It’s the only unfortunate fact of receiving a big, beautiful bunch of flowers – they won’t keep their bloom forever. If you grow your own flowers, you’ll know that even the most beautiful rose wilts. But there’s no reason not to enjoy your flowers – for longer.
If you can’t do without the natural fragrance of flowers in your home, and you want to savour all that you can of their beauty, why not try out the ancient art of potpourri?
Making a potpourri arrangement from your flowers guarantees that your blooms will be with you everyday, with a cornucopia of natural and arranged scents, while also creating a stunning, organic feature that will decorate any surface you pop it on.
How it’s made
Potpourri literally translates from French into ‘rotten bowl’, but don’t let the name fool you! Inside, you’ll be placing a range of spices, oils, flowers, perfumes, and garnishes that’ll brighten up the mixture and make it aesthetically pleasing.
In fact, you don’t have to stick just to flowers when making potpourri. Some fragrant woods such as cedar, cinnamon, or juniper, or even citrus rind or mint can serve as a base. Ultimately, all you need are these three basic types of ingredient:
These are your flowers and spices (whole, rather than powdered), as well as any ingredients that won’t release an aroma but will look good alongside those that do.
This is the magic wand, a substance designed to draw out the natural aroma of the bulk ingredients. Orris root and citrus peel are the classical examples here, but not the only choices.
We use these to compliment the existing ingredients, and provide a long-lasting accompaniment that can be re-added to elongate the life of your Potpourri. There are far too many to name, but our favourites are geranium, vanilla and pine.
How to make your own
Now that you know the basics, it’s time to start concocting your own. This is much, much simpler than it seems at first, but you should plan out your final product before you start work to save yourself some time in the future.
Before you begin: plan it out!
If you don’t know the precise combination of scents that you want, it’s time to do a little bit of reconnaissance. Check out a few common combinations with the flowers that you have on hand (for example, rose goes divinely with cinnamon and lavender). And don’t be afraid to go into a store with a cutting on hand – and have a sniff around. You’ll get the knack of scent matching in no time. Be passionate about your research, because ultimately, the smell that you choose should be something that you love.
- Your flowers
- A dry, warm surface (or a tray + oven)
- A sealable bowl to keep the mixture in
- Your fixative (most commonly used is Orris Root)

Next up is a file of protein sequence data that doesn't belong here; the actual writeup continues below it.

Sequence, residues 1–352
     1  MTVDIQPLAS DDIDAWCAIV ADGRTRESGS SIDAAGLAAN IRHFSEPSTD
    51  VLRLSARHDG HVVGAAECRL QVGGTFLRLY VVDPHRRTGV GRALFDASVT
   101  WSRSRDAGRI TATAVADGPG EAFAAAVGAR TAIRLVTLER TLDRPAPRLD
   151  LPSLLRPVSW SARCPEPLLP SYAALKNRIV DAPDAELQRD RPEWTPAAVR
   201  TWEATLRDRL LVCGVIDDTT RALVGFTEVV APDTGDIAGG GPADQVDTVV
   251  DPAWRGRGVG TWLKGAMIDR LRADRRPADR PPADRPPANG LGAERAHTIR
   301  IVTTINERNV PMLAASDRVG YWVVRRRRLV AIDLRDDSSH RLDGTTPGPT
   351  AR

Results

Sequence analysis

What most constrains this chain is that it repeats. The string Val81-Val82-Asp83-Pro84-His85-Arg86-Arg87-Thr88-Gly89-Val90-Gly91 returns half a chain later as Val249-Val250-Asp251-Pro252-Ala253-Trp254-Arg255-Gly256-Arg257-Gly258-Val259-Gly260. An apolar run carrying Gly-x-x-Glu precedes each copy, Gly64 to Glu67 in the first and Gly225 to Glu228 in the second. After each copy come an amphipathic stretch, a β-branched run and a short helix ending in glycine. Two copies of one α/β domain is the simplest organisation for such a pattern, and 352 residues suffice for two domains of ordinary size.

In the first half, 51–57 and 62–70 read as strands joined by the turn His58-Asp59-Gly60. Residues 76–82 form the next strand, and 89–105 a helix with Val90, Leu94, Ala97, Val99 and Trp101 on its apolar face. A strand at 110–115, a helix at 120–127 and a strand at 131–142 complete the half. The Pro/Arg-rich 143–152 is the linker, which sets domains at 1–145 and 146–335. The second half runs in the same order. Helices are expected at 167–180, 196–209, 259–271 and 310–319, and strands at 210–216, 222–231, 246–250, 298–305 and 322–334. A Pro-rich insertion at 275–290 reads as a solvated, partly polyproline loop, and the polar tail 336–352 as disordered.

- Your oils of choice
- Any bulking or purely aesthetic ingredients such as pine cones or non-fragrant flowers
- Scissors or clippers
There are two ways to easily make Potpourri, one of which is a little more hands on – but will ultimately come out a lot more fragrant and authentic.
Quick and dirty
The first option is extraordinarily simple. Just get your bulk and flowers together with your fixative and place it within a sealable bag of your choosing.
After you’ve done that, add your oil very slowly to the mix (a couple of drops at a time) while mixing it around.
Leave it somewhere out of the sun for a couple of months, regularly mixing it every couple of days, and you’re done.
This method is a little more complex. Ultimately, it’ll produce potpourri of a higher quality than the first option, but it’s really up to you.
1. Clip off your individual flower heads close to the stem (or, if you’re not using whole flowers, remove the petals from each flower) and prep any other whole ingredients in the method you’d like to display them.
2. To dry your ingredients, you can do one of three things:
- Store in a warm, dry place for a few days until they’re dry, turning every second day.
- Store in an airtight container, place silica gel in with them, and leave it sit for half a week.
- Spray your bulk and fixative with a mixture of your oil and water (you’re going to want at minimum 10 drops of mixture to each tablespoon of water) and pop it in the oven on low for a few hours, or until they’re dried. NOTE: This skips part 3, as you can take this straight from the oven into the presentation container.
3. Once they’re dried, get a separate container and place your fixative in it. Add three or four drops of oil directly to it and mix thoroughly.
4. Add the bulk, arrange in the style of your choosing, and add to presentation bowl.
5. If the mixture starts to lose its scent, simply spritz with a bottle of water and oils (10:1 ratio of water to oil).
Enjoy your homemade potpourri
This will keep the whole year around, or at least until your next batch of fresh flowers start to wilt – and become are perfect contenders for your next batch of potpourri. Once you’re adept with your potpourri making, start experimenting with seasonal produce: change your choice of flowers, their colours and scents. Warmer months love bold, gem colours, with fresh, citrusy aromas; while the cooler months lend themselves to more rustic hues, and scents like sandalwood and ginger. Inspired? Start your potpourri today!